VANCOUVER – Byron Bitz’s clean disciplinary record helped his cause, but it didn’t keep him from getting a suspension. The Vancouver Canucks winger received a two-game ban Thursday for a hit to the head on Los Angeles Kings winger Kyle Clifford in the first game of their Western Conference quarter-final Wednesday night.
“Bitz sees Clifford’s back and numbers throughout his approach to this check and has ample time to make a different play,” said NHL disciplinarian Brendan Shanahan in a video describing the incident.
Bitz hit Clifford from behind 12:12 into the second period, putting his shoulder into the Kings forward’s shoulder and head. The hit drove Clifford’s head into the glass.
Bitz was assessed a major penalty and game misconduct for boarding by in-game officials.
Shanahan said in a statement that the NHL took into consideration the fact that Bitz has never been fined or suspended in his three-year career in the league. The decision came down after Bitz participated in a disciplinary review by telephone earlier in the day.
“It was an unfortunate play,” said an apologetic Bitz. “By the time I had committed to the hit, he had turned a little bit and went into the glass.”
The Kings scored near the end of the five-minute power play en route to a 4-2 victory.
Bitz, a 28-year-old Saskatoon native, returned to action in January after missing almost two years due to hip and abdominal injuries that required four surgical procedures. He is now in his second stint with the Canucks, playing centre after move from the wing.
“I had no intention of hurting anybody,” Bitz said. “That’s not the way I play. It was an unfortunate play. The referees made the call, and it cost my team a goal—so it’s my fault.”
Bitz offered an excuse which has been heard often from players who have faced discipinary actions on hits to the head and other infractions.
“I just went to finish my hit,” Bitz said. “And the way I made contact, he hit the glass awkwardly. I had no intent to injure or target the head. I was just trying to finish my hit, and the referees made the call.”
The incident came as Canucks winger Daniel Sedin missed his 10th straight game with a concussion suffered when he was elbowed in the head March 21 by Chicago Blackhawks defenceman Duncan Keith, who received a two-minute penalty. The NHL subsequently handed Keith a five-game suspension for the infraction.
Bitz’s hit also came on the same day Los Angeles Kings defenceman Willie Mitchell praised the NHL for taking a tougher stance on head shots. Although he became an example of the new disciplinary angle, Bitz endorsed it.
“You can’t replace your brain,” he said. “You’ve got to protect the guys’ heads. You don’t want to have guys with concussion problems, and they’re doing the right thing.”
After the hit, Clifford went to the bench for a while, but then went to the dressing room and did not return. Los Angeles coach Darryl Sutter said Clifford will not play when the series resumes Friday in Vancouver.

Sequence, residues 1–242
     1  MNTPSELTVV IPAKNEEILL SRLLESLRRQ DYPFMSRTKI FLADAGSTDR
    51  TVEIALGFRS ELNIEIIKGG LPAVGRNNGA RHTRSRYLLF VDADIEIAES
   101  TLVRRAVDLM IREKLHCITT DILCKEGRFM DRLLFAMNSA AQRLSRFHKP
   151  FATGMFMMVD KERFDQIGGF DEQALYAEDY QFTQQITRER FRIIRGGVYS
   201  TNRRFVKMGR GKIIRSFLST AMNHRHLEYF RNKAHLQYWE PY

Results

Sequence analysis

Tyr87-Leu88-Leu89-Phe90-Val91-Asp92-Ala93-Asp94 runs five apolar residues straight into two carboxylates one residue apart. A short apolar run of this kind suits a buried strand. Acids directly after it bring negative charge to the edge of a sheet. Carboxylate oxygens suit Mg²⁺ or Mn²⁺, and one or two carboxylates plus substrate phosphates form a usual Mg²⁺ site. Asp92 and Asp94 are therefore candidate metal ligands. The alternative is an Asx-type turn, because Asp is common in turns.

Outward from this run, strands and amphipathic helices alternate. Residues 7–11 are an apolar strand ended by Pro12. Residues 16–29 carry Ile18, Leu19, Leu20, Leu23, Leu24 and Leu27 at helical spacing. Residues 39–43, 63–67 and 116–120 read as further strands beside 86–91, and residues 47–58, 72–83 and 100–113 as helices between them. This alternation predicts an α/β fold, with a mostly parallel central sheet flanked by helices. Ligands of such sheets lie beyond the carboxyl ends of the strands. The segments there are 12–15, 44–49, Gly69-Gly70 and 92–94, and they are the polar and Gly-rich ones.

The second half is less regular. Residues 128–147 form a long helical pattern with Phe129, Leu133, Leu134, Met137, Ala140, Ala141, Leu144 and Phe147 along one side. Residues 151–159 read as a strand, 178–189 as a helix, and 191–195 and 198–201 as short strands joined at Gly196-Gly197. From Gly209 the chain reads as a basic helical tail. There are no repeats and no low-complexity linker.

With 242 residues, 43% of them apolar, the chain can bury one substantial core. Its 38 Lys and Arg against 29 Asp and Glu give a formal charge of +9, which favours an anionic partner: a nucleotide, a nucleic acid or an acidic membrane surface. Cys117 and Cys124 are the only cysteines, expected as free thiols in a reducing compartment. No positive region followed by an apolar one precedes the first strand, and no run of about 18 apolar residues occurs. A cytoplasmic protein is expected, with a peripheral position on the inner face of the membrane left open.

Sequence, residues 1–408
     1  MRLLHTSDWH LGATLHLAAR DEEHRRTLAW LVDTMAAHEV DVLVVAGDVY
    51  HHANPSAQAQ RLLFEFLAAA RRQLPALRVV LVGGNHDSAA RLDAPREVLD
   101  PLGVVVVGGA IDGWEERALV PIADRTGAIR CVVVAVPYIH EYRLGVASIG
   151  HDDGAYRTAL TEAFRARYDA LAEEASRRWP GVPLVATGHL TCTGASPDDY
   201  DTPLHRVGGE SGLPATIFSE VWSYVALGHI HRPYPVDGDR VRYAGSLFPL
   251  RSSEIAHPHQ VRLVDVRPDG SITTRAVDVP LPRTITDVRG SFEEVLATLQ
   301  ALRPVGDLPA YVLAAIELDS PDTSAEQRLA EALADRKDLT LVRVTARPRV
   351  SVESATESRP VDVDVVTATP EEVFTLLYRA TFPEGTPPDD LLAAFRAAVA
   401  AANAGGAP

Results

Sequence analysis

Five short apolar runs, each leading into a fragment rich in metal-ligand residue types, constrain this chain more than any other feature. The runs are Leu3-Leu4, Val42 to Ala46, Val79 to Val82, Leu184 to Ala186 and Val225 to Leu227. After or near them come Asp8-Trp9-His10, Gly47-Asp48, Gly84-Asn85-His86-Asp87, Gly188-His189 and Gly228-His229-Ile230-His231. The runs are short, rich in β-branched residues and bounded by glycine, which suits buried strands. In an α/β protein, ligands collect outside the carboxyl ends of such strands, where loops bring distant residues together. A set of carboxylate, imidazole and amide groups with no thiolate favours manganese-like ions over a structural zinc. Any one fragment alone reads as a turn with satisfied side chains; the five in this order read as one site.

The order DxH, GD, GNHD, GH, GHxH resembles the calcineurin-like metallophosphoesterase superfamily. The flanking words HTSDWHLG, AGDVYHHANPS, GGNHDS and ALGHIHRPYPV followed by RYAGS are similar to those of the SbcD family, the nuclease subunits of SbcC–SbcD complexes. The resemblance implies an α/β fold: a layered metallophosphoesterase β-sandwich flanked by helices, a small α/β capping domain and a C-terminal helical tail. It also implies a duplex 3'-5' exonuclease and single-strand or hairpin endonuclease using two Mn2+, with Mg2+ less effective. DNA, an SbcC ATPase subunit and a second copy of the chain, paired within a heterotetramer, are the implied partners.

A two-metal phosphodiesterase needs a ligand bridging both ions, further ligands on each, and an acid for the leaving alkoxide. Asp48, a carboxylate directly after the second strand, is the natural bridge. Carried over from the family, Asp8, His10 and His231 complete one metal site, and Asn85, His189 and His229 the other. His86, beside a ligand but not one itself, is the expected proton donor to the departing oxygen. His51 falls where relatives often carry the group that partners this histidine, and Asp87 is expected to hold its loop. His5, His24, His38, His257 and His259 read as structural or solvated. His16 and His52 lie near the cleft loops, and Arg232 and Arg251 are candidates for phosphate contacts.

“You (media) guys know the (situation),” said Sutter, reluctant to reveal the extent of Clifford’s injury. “Upper-body injury, and he’s out. But you guys know that, right? I don’t want to not tell the truth, so I’ll just leave it at that.”
Meanwhile, the Canucks, who finished first in the NHL during the regular season, are looking to reduce their penalty total in Game 2. The Kings, who squeaked into the playoffs by securing the eighth and final berth in the Western Conference, converted two of seven power-play chances.
“The penalties really affected our team,” said Vancouver rookie winger Zack Kassian. “We had a lot of top-end guys killing a lot of penalties, which you don’t want to be doing too much. Obviously, it takes away from their offence.”
Vancouver coach Alain Vigneault said the Canucks must also do a better job on the power play. The Canucks were blanked on five man-advantage opportunities Wednesday.
“We have the personnel for it to be good right now, and we need to execute better,” Vigneault said. “Our best power play (Wednesday) night was the last one that we had (in the third period) when we took Alex Edler off. He needs to take his game up a notch, because obviously he’s been a big part of our defensive group, a big part of our team, and he’s a great player. We need him to play at his level.”
The Canucks are also looking to put in a better overall effort after the Kings controlled the play during most of Game 1.
“Obviously, (Wednesday) night, if it’s not for (goaltender Roberto Luongo), it’s not even close,” Vigneault said. “We’re all aware of that, it’s pretty safe to say, and we need to come up with some answers.”
L.A. captain Dustin Brown also called for his team to display more discipline after the Kings participated in many scrums after the whistle. Los Angeles must also do a better job of pressuring Luongo.
The veteran Canucks goaltender posted 34 saves on Wednesday, including many difficult ones, as he allowed three goals. The Kings scored another one into an empty net while he was pulled in favour of a sixth attacker.
Brown said the Kings did a good job staying close to Vancouver’s top players, but did not create enough traffic in front of the Canucks net.
“He made some good saves, but he also saw a lot of pucks,” said Brown. “If there’s one guy we need to make it harder on, it’s him.”
Notes_Andrew Ebbett and Dale Weise are candidates to replace Bitz. … Sutter is expected to install either Kevin Westgarth or Andrei Loktionov in Clifford’s vacant lineup spot. … For the second straight day, Daniel Sedin did not skate after participating in on-ice workouts earlier in the week. … Both clubs held optional skates.